UBC Undergraduate Research

Buying Local for UBC Food Services Dhalla, Sabrina; Polk, Henry; Salinas, Jimena; Southern, Brandon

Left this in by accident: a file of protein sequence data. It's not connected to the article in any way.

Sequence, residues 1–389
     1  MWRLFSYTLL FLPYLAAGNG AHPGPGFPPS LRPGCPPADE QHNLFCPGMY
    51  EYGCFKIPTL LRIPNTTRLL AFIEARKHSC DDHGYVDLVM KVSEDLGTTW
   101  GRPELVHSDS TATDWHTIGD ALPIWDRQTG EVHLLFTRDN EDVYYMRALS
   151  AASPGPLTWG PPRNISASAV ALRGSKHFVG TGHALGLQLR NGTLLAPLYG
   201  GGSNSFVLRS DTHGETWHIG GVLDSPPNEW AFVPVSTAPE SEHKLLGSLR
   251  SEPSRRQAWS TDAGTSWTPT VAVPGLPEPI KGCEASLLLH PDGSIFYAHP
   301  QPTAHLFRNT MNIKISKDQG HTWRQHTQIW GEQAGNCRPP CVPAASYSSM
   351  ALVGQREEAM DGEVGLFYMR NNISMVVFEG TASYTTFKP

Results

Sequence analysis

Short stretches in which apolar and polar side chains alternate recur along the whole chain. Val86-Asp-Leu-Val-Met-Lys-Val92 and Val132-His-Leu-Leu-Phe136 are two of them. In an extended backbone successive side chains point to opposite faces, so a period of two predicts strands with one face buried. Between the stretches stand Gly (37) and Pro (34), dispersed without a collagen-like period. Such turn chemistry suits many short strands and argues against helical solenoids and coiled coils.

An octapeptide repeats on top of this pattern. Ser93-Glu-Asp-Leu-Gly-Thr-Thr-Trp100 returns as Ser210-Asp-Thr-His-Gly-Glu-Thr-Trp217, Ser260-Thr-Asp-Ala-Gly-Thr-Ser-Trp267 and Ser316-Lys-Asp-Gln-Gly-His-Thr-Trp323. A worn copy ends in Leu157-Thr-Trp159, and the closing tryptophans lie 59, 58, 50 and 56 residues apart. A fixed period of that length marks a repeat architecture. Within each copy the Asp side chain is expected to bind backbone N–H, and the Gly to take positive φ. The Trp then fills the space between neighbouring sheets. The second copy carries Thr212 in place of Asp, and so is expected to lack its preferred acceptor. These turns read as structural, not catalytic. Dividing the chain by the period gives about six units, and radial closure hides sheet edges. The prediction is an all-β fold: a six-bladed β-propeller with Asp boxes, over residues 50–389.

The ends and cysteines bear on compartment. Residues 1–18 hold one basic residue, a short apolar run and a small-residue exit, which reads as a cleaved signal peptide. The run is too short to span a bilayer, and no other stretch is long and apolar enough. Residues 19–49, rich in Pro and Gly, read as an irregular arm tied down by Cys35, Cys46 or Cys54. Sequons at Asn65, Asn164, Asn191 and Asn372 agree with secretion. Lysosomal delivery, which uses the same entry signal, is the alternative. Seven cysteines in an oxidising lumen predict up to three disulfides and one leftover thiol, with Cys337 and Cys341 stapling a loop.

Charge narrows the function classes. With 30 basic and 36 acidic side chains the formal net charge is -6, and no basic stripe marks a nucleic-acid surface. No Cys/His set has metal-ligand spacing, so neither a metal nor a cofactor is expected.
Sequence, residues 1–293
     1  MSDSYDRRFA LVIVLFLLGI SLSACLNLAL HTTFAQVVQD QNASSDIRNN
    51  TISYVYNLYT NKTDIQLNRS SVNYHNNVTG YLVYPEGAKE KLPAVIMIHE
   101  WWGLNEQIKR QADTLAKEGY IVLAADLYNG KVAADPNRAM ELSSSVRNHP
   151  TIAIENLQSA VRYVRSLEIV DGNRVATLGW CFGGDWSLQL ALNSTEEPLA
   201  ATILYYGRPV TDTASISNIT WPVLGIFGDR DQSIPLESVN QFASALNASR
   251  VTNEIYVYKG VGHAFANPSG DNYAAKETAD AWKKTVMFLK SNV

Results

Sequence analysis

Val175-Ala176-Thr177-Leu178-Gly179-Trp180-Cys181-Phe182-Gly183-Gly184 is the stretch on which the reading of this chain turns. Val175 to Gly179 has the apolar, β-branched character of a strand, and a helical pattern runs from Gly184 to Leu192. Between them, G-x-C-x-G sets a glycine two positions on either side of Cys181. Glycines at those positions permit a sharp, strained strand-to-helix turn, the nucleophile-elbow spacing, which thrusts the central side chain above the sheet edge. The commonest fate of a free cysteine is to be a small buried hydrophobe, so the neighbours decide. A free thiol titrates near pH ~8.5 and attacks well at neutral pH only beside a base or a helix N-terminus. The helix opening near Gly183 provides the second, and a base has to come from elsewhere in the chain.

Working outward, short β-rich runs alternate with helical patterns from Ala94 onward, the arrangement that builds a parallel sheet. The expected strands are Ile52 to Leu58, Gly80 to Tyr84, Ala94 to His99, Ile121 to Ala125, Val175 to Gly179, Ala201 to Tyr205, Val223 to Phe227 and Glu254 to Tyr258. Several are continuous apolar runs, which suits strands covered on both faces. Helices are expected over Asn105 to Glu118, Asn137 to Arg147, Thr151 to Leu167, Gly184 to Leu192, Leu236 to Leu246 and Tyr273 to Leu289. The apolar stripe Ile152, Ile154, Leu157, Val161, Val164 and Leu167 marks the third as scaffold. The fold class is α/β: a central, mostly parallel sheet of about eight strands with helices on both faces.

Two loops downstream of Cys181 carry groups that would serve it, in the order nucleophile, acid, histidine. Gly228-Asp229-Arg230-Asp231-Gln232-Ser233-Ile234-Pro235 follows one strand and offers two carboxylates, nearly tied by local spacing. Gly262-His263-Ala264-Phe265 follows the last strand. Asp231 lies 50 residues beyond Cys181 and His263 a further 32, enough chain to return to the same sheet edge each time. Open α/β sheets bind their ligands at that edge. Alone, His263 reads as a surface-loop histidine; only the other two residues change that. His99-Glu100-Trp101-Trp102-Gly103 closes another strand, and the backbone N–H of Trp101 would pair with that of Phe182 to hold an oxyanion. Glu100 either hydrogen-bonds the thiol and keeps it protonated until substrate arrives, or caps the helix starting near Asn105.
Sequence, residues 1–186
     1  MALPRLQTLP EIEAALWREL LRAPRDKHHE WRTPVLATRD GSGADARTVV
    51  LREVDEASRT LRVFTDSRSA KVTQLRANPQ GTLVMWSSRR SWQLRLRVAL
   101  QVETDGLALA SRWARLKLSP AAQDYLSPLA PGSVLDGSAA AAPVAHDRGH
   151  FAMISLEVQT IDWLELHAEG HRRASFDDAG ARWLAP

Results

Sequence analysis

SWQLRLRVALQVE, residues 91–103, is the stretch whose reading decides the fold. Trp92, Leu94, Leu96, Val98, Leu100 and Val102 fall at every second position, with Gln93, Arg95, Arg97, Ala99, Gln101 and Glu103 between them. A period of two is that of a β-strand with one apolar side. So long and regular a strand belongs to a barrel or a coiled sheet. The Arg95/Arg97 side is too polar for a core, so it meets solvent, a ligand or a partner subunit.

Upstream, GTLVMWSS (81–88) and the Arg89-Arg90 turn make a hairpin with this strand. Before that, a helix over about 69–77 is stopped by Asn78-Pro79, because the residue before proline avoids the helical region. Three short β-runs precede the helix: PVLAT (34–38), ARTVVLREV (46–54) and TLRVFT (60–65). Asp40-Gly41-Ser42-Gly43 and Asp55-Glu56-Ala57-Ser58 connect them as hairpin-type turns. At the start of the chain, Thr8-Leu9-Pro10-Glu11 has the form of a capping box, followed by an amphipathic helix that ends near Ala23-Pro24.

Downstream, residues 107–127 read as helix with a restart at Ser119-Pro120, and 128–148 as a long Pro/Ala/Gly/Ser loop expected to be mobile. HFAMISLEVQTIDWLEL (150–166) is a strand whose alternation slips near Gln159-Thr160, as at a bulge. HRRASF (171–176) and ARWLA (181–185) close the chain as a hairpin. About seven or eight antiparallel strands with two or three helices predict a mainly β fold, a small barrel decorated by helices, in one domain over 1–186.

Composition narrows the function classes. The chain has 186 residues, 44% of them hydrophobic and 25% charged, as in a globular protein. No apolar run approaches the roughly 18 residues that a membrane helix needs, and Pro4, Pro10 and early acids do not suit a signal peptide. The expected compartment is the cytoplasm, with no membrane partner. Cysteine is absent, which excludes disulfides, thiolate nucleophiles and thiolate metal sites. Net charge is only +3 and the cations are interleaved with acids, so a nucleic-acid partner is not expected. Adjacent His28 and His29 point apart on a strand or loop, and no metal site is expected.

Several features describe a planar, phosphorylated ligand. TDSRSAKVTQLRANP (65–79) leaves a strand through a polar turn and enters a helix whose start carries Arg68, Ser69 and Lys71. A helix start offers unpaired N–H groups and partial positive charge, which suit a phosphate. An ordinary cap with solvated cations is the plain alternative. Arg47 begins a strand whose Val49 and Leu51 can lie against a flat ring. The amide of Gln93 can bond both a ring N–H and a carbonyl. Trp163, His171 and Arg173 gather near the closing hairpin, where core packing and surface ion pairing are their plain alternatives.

UBC Food Services (UBCFS) purchases approximately $2 million in produce annually from FreshPoint, a Sysco subsidiary. As part of its Food Vision and Values, UBCFS has a stated commitment to minimize environmental impacts and support sustainable farming practices. While already sourcing a significant portion of their produce locally, UBCFS is considering growing its partnership with Vancouver Farmers’ Market Direct (VFMD) from $32,000 in 2018 to $500,000 by 2022. The purpose of this report is to assess the effect of UBCFS pursuing more locally-sourced produce on social welfare. While there are potential benefits in the form of reduced carbon emissions, much of the literature stresses that local production doesn’t necessarily reduce carbon emissions. The social implications of this potential policy change thus depend on the consumption value placed on local produce by UBC consumers and the change in procurement costs to UBCFS. We find that in the month of October, there are potential cost savings of 11%. We also find a small reduction in the social cost of pollution, with 0.56 tonnes of reduced carbon emissions per month. This is valued at a social benefit of $240 annually. From the perspective of consumers, the economic literature shows that consumers tend to place significantly more value on local food than conventional food. However, due to project limitations, it was not possible to calculate a measure of consumption value specifically for UBC consumers. We thus assume that UBC consumers are the same as the consumers in the Grebitus et al. (2013) study, and place 30-40% more value on local produce. The results of our analysis show that UBC Food Services would be able to switch some of its procurement to VFMD with minimal cost impacts, and potentially with cost savings. We calculated the cost of sourcing produce from VFMD using October 2017 data. We then analyzed the total cost impacts for various cost increase thresholds by individual goods. If the individual good’s percentage change in price was less than this threshold value, then we would switch from Freshpoint to VFMD. Based on the findings of the literature review, we use a threshold of 30%. If UBCFS was to only purchase VFMD goods with a 30% increase in cost or less (in comparison to FreshPoint), the overall monthly savings would be $5,602. This analysis assumes that UBCFS is able to purchase any available produce from VFMD, without capacity constraints. Based upon this assumption, we find that UBCFS could switch a major proportion of their produce spending to VFMD, while generating increased consumer benefits, as well as cost savings and small environmental benefits. Disclaimer: “UBC SEEDS provides students with the opportunity to share the findings of their studies, as well as their opinions, conclusions and recommendations with the UBC community. The reader should bear in mind that this is a student project/report and is not an official document of UBC. Furthermore readers should bear in mind that these reports may not reflect the current status of activities at UBC. We urge you to contact the research persons mentioned in a report or the SEEDS Coordinator about the current status of the subject matter of a project/report.”

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